Absurd law raises eyebrows

Owned and published by UMHB, The Bells is a biweekly publication. This content was previously published in print on the Opinions page. Opinions expressed in this section do not necessarily reflect the views of the staff or the university.

The Occupy movement in Washington, D.C., has become plagued with rats, and a recent D.C. health code may cause problems for Virginia and Maryland.

Most people assumed the Occupy movement came and went like any other short-lived fad but, it is still alive.

In D.C.’s McPherson Square and Freedom Plaza hundreds of protesters have gathered, and health officials report that the rat population has erupted.

There are major health risks for people living in such squalid conditions. The close proximity of the tents and the lack of plumbing have turned the parks into slums. Rats complicate the problem even more.

The city of D.C. has adopted the Wildlife Protection Act of 2010, an absurd law regarding pest control. It calls for relocation instead of extermination of vermin.

Pest control experts are no longer allowed to use any type of kill trap or traditional methods of rat eradication like poisons, glue traps or spring traps. Instead they are supposed to use no kill traps which are designed solely for capture. Another stipulation of the law is that they must capture entire rat families. Captured rats are to be released in the wild, at least 25 miles from the site they were captured to insure that they do not make their way back.

The law is complete oversight on the part of the city government. D.C. city council member Mary M. Cheh, who sponsored the bill, clearly does not take her job seriously or refuses to research before creating laws. The idea of removing entire rat families is preposterous. The law was either designed to prevent proper pest control or was meant to be ignored.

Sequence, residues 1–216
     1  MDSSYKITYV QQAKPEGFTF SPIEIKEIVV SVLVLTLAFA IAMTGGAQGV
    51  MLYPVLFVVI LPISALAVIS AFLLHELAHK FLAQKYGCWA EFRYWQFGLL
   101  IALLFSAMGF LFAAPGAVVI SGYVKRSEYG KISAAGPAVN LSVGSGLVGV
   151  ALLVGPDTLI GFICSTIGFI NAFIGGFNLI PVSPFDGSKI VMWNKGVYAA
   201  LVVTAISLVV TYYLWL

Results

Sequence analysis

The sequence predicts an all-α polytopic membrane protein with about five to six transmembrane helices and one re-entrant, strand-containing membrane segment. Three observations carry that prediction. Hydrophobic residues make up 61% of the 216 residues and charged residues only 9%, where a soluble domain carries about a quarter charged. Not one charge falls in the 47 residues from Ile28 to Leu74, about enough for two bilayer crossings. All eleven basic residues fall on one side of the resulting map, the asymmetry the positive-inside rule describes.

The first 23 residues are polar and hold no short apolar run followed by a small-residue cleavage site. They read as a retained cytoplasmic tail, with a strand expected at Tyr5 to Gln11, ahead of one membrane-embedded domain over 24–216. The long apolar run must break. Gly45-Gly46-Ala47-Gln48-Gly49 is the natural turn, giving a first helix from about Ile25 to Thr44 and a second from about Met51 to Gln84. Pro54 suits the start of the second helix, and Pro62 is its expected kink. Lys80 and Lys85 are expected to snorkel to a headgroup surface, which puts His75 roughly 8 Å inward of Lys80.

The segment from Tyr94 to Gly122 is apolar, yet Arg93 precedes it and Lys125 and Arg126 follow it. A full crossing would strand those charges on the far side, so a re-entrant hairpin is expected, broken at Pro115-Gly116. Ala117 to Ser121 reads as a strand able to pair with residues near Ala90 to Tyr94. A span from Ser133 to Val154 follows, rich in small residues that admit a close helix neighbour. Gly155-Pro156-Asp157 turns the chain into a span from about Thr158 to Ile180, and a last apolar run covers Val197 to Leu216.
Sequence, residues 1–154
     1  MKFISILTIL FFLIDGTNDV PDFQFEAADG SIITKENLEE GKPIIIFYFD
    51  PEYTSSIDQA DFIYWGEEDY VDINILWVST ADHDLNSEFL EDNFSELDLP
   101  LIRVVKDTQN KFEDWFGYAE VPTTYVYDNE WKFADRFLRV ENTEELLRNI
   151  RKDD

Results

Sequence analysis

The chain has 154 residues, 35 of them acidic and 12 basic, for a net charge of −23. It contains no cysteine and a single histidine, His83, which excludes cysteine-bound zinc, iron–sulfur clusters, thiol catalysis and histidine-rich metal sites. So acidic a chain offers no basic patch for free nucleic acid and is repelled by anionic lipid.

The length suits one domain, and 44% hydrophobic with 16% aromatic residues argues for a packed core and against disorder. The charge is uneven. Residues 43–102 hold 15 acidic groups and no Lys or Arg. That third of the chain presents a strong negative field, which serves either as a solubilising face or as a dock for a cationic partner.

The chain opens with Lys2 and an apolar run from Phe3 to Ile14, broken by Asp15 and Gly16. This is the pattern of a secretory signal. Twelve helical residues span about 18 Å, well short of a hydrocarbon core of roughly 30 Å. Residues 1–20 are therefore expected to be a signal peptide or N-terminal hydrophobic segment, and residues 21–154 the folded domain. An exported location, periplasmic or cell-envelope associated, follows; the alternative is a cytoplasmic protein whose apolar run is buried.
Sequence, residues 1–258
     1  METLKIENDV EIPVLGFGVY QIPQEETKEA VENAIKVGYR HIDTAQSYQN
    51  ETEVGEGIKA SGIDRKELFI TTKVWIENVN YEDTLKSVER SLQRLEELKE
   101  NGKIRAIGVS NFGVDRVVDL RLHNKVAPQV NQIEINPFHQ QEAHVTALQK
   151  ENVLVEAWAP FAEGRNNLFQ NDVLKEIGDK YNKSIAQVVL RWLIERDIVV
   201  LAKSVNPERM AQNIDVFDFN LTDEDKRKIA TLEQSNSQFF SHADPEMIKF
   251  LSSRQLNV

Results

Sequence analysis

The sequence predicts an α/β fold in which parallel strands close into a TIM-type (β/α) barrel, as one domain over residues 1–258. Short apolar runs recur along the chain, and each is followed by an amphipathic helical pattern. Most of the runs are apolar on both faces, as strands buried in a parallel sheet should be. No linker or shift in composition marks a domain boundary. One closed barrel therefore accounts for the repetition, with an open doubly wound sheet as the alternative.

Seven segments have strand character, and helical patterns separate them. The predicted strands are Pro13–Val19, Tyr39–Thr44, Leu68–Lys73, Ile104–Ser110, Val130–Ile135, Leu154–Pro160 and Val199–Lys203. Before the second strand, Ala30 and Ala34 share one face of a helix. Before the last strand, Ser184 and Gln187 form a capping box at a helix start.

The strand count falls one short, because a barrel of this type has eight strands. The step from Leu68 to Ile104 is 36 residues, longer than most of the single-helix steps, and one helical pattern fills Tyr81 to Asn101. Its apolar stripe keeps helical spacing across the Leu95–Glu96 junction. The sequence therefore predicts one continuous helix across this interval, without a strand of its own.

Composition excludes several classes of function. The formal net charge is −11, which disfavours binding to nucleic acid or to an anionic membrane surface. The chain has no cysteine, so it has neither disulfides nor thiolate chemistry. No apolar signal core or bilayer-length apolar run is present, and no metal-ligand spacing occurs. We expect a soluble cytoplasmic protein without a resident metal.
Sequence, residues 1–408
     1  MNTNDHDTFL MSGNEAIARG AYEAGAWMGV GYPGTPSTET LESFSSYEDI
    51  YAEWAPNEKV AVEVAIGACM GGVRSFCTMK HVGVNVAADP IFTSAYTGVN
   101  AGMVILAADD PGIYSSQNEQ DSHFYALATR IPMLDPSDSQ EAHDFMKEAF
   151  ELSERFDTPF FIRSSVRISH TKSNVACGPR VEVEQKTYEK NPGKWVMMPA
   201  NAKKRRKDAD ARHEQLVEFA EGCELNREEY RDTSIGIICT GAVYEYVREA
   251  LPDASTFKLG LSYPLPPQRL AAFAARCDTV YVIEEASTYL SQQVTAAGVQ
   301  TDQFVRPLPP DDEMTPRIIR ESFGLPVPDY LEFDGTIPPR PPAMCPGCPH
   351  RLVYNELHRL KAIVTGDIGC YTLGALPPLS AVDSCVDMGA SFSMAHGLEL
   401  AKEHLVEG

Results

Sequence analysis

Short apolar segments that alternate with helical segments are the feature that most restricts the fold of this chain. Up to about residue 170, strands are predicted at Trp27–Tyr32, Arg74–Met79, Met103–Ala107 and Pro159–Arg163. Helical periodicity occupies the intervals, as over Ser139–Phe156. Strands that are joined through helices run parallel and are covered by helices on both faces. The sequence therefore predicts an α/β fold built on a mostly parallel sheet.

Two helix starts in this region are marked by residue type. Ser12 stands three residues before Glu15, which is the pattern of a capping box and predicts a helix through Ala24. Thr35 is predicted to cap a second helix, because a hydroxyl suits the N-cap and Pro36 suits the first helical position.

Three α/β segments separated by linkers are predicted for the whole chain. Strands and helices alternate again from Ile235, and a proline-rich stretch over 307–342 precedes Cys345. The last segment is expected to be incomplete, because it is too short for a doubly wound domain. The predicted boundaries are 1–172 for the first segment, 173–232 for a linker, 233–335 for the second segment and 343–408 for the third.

There is good reason rats are considered vermin. They can survive in almost any environment, live without water longer than a camel, and reproduce quickly.

The worst part about rats however is that they carry disease. During the Middle Ages they were infamous for transmitting fleas that carried the bubonic plague.

Today they still carry a number of diseases including rabies, tuberculosis, Lyme disease and Weils disease.

For good reason, rats are exterminated. There is no need to be unnecessarily cruel about it, but there should be an efficient way to get rid of the animals. Otherwise they will pose a serious health risk.

It is bad enough that the law is completely inefficient, but it is worse still that the policy would require D.C. to pass off its problems to Virginia and other surrounding states.

It is aggravating that the government assumes that it can just pass off its problems to other states.

When the government makes laws like this it discourages people. It’s hard to have faith in a government that mismanages the little things like this pesky animal problem. Maybe they shouldn’t worry so much about getting the animals off the street and get the people off first.

Washington, D.C., needs to take responsibility for its actions. They did not deal with the Occupy protests, and it caused a rat problem. Now they want Maryland and Virginia to deal with the problem? All of this could have been avoided with some common sense and a little courtesy.

The Occupy protesters have not made any headway in attaining their goals. Instead, they have managed to cause a rat infestation and have exposed an absurd and painfully impractical policy.

Maybe the silver lining here is that people will realize how ridiculous some animal rights initiatives really are. Or Maybe if the citizens of D.C. are lucky, the rats will force the Occupy protesters out.


Author: Ethan Mitra

Bio info coming soon!

Share This Post On


Commenting Policy
We welcome your comments on news and opinions articles, provided that they allowed by our Commenting Policy.